Tips for Writing a Solid Business Contract
As any entrepreneur should know, closing a deal with a client is a very important aspect of any business. This deal can provide you with substantial revenue to help your business continue to grow. However, this deal needs to be set in stone in the form of a written business contract.
Never rely on an oral promise from a customer. This will only set you up for failure down the road and cause a “he said/she said” situation that can lead to a serious disagreement and ruin your business. Therefore, you want to have everything in writing. Here are some other tips you need to know when creating a solid business contract for a service.
Make it Simple
While you want your contract to be legally enforceable, you can clear up a lot of confusion by removing the legal jargon. The average customer is not going to have the legal knowledge to understand the contract, so make the sentences clear and to the point. Explain any confusing terms and keep the contract organized.
Include Obligations and Payment Terms
Make sure your contract clearly spells out what each party is responsible for doing. What are you providing for the client? What does the client need to do on their end? There should be no confusion about what needs to be done.
Don’t forget to include payment terms. Make sure to clearly state when you expect to be paid, how much and through what payment method (cash, check, credit card, etc.). Otherwise, hunting down payment can be a nightmare. If the customer agrees to the terms of the contract, make sure they sign it so it becomes enforceable.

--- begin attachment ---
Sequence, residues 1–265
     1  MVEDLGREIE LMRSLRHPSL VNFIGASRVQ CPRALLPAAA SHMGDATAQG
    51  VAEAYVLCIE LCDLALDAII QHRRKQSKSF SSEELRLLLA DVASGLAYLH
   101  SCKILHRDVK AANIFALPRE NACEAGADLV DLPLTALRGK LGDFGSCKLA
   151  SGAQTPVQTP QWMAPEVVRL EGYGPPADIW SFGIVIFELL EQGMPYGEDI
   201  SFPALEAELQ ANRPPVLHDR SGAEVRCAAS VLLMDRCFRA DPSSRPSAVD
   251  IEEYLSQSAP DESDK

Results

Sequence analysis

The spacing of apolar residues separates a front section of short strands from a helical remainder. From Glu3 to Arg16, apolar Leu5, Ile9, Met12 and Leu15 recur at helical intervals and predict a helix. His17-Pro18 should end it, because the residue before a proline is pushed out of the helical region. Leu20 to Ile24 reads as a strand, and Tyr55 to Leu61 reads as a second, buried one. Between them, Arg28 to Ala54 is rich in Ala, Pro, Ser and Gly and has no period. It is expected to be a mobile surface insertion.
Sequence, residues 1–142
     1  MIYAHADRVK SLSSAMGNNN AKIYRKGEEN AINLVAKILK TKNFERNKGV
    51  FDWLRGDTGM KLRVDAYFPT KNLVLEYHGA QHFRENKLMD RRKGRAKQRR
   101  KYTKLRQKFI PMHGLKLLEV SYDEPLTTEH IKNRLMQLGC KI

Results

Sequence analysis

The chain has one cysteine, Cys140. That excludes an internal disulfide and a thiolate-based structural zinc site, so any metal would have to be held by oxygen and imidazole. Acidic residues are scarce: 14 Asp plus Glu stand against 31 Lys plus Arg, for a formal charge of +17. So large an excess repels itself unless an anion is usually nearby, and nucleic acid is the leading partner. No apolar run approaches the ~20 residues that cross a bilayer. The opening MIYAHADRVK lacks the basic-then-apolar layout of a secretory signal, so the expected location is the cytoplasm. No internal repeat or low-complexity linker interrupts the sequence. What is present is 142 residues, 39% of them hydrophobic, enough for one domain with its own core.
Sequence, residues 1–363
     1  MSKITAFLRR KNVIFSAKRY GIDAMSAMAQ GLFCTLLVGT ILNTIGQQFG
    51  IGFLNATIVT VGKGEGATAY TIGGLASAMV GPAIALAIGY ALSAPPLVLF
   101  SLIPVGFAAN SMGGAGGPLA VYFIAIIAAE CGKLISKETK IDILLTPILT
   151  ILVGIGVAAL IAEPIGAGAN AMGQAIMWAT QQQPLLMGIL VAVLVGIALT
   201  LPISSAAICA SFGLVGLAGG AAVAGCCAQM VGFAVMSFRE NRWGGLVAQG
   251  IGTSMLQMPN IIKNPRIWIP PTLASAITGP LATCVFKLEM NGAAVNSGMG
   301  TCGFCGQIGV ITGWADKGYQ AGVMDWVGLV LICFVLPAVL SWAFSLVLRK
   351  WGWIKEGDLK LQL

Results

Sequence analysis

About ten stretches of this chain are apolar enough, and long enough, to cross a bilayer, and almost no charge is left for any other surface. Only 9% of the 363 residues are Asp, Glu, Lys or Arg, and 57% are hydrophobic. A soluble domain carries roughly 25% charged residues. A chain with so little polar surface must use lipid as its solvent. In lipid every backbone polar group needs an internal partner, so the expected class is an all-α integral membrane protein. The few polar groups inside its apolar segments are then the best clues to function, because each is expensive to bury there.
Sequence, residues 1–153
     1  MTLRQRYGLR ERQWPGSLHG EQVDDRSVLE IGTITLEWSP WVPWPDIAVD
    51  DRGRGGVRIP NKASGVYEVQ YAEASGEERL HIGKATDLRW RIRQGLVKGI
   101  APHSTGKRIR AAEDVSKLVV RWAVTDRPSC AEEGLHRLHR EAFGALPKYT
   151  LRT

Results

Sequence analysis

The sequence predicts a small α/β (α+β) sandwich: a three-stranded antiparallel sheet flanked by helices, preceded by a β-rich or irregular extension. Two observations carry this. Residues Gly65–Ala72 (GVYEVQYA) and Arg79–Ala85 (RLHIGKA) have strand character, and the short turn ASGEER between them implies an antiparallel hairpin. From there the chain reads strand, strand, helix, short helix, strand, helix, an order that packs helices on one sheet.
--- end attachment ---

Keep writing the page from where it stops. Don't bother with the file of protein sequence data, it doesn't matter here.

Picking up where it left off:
Deal With the Right Person
Don’t accept a deal with an administrative assistant or some other junior member of a company who does not have the authorization to make deals. If the person has to have someone higher up, such as the CEO or business owner, approve everything, then it would be better to just deal with that person.
When you find the right person to handle the contract, make sure you correctly identify the party. If you’re dealing with a company, be sure to use the full company name in the contract. if you’re dealing with an individual, be sure to use their first and last name. Otherwise, your contract could be void.
Discuss Contract Termination
Contracts don’t last forever. You or the client may decide it’s not a right fit. In any case, there should be guidelines for contract termination. You may allow for the contract to end at any time, or only in unethical or illegal cases, such as breach.
Learn More About Business Contracts
When forming an agreement with a client or another company, it is best to have a solid business contract in place that protects your business and legal rights. Avoid making mistakes by having an experienced business lawyer on your side.
Orlando business contract lawyer B.F. Godfrey from Godfrey Legal can provide you with solid advice to protect your business. To schedule a consultation, call (407) 890-0023 or fill out the online form.